Tuesday, Nov 21, 2023
My love affair with private press books began in the late 1960s, when we had our first Melbourne CBD bookshop at 569 Bourke Street, near King Street. I would periodically visit the secondhand bookshop of N. H. Seward at the top end of Bourke Street, near Exhibition Street and spend time looking at the private press books shelved in a locked glass door cabinet— I was too intimidated by the formidable Miss Eddey to ask to handle the books.
My mother, Muriel, and I began ordering private press items from international booksellers in the late 1960s, and we have since been credited with being the first Australian bookseller to emphasise private press and finely printed books in our stock and catalogues, starting with Catalogue No. 2 in 1969. On my first trip to London in the 1970s I spent much of the time on the flight reading a number of Bertram Rota catalogues devoted to fine printing— marking items I would like to purchase and ‘virtually’ spending twice my allocated buying budget in the process.
Our introduction to John Gartner in 1968 was a major development in our pursuit of ‘the book beautiful’. To quote Stuart Kells in Rare. A life among antiquarian books (Folio, Sydney, 2011):
John Gartner is remembered as a great bookman and Australia’s foremost enthusiast of fine printing, private press and bookplate material. Born in 1914, he started printing early. His father, a linotype operator, worked for the Advocate Press, where John joined his father first as an informal assistant, then, at 14, as an apprentice. He launched his own press, the Hawthorn Press, at 23, printing Ben Fryer’s Internationalism in Typography on an Albion press . . . In the Depression, John Gartner came across the work of American fine printers in the State Library of Victoria. He began to collect and study their work. For many decades he was the only Australian to do this on any significant scale. Gartner acquired many friends and contacts in America. In 1934, Gartner and Fryer founded the Victorian Division of the Printing Industry Craftsmen of Australia.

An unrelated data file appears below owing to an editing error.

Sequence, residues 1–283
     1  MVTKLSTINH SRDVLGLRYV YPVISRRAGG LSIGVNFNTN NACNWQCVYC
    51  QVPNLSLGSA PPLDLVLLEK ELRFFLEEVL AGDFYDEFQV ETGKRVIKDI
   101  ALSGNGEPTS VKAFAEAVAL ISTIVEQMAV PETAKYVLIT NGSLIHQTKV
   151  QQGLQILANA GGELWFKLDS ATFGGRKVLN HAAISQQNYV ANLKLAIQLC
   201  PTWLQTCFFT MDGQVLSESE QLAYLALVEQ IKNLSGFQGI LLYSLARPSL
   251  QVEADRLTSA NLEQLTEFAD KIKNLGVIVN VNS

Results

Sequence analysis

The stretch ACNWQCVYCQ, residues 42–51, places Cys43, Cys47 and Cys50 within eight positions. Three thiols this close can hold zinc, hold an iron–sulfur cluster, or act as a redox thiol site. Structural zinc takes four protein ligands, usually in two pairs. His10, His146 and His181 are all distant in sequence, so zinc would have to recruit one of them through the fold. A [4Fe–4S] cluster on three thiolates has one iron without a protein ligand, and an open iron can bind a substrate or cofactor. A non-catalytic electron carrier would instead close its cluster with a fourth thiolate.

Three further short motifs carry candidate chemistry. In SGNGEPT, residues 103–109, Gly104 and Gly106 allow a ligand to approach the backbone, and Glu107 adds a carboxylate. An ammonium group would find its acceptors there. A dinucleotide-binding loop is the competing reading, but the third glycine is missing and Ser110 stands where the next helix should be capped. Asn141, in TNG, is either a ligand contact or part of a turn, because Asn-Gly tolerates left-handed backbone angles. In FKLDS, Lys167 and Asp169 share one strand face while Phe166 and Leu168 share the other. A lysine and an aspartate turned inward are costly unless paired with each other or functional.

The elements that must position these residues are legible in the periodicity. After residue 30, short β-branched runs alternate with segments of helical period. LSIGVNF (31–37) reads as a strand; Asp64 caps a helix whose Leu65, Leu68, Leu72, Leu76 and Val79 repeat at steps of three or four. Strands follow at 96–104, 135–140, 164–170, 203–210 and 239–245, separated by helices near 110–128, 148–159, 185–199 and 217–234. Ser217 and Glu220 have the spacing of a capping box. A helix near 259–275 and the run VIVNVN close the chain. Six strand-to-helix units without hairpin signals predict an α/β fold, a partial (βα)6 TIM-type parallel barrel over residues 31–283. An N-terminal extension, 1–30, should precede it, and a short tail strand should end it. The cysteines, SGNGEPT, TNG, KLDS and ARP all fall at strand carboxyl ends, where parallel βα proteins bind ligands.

John’s life as a book collector has justly grown to legendary proportions in Australia. His name is a byword for persistence and discernment in collecting.
In 1970, due to a bout of ill health, John sold us his collection of private press books, which resulted in our first catalogue devoted entirely to fine printing being issued in December that year. Advance copies of Catalogue 12 were sent to institutional libraries and to one private collector, who had been buying private press items from us.
The day the catalogue was to be posted to the general mailing list, [the customer] came to the shop and viewed a selection of the books. After enquiring if the others were all in similarly fine condition, he asked the total value of the catalogue, and paid for all but one of the books – Richard Griffin had already claimed the Ashendene Ecclesiasticus – within the hour. As a consequence, the catalogue had no general release. [Kells, Rare].
Since that catalogue in 1970 we have had many significant purchases of private press books, including several more from later collections amassed by John Gartner. Our appreciation of the genre has not diminished, and we are looking forward to having the late Justice David Levine’s copy of the Kelmscott Chaucer in stock in the new year.